I forgot to mention in my previous column on the Citi-drafted [Cr]Omnibus bill the estimated amount for which Americans may be on the hook this time around when the big banks’ gambling goes awry. These guys sure “know when to walk away and know when to run” to Congress for a corporate-socialism bailout at our expense!
According to the websites of Daily Kos and Zerohedge, the amount aforementioned is right around $303 trillion! Think of all the education and infrastructure that money could buy that will instead go to pay off the bad bets of bankers like the very tiny Jamie Dimon of JP Morgan and the orangutan-doppelgänger Lloyd Blankfein of Goldman Sachs. I usually stay away from ad hominem attacks, but these guys are total pariahs.
I guess they deserve our help, though. After all, as Blankfein once said: They are “doing God’s work.” I wonder which god’s work is to make bad bets with taxpayers’ (or for the potential future bail-ins, depositors’) money. Either way, the American public does not seem to even notice, so these guys think that we are just fine with the imminent fleecing. I guess we are, or we would be hearing a lot more about it and maybe even seeing people taking their money out of these banks . . . or refusing to make any more payments to these criminal organizations.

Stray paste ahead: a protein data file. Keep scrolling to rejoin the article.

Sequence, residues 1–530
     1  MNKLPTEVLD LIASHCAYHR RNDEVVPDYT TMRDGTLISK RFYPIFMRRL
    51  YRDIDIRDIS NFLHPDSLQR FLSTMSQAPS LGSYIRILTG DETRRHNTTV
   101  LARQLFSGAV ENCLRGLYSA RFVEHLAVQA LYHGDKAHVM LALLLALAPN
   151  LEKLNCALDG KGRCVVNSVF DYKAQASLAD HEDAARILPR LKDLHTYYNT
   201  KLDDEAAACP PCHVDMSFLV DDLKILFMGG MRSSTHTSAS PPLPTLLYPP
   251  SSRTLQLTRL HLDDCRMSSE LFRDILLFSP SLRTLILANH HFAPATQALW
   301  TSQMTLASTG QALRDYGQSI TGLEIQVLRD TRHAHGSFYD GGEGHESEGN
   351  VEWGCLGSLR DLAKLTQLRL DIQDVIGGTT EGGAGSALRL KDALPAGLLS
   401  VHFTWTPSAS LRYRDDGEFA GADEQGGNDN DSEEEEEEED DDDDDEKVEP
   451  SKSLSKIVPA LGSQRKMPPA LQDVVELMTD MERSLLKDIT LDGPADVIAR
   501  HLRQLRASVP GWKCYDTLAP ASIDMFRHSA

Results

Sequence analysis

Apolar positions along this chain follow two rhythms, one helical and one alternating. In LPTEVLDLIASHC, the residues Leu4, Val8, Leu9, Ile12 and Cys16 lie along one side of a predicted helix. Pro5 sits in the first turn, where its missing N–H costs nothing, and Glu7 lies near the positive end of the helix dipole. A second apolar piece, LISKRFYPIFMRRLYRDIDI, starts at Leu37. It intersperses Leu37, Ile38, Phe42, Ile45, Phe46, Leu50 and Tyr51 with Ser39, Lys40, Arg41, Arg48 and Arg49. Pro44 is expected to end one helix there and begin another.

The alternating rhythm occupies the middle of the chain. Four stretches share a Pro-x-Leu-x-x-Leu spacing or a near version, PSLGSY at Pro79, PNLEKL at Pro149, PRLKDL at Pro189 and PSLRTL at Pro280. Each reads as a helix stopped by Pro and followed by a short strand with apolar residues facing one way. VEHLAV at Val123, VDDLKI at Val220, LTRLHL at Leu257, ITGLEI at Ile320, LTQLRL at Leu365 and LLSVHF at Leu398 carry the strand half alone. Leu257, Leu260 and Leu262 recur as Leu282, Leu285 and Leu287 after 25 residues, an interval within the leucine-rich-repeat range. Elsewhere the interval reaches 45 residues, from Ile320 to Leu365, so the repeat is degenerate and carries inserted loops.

As Zerohedge puts it: “At least we now know with certainty that to a clear majority in Congress – one consisting of republicans and democrats – the future viability of Wall Street is far more important than the well-being of their constituents. Which also, implicitly, was made clear when Hank Paulson was waving a three-page ‘blank check’ term sheet, and when Congress voted through the biggest bailout of banks in US history back in 2008.
“The only question is when the next multi-trillion (or perhaps quadrillion now that all global central banks are all in?) bailout takes place.”
Why worry about this? Here’s a bit of what Forbes has to say about the situation: “Another global financial crisis is on the way. Financial reform didn’t work. Banks today are bigger and more opaque than ever, and they continue to trade in derivatives in many of the same ways they did before the crash, but on a larger scale and with precisely the same unknown risks.”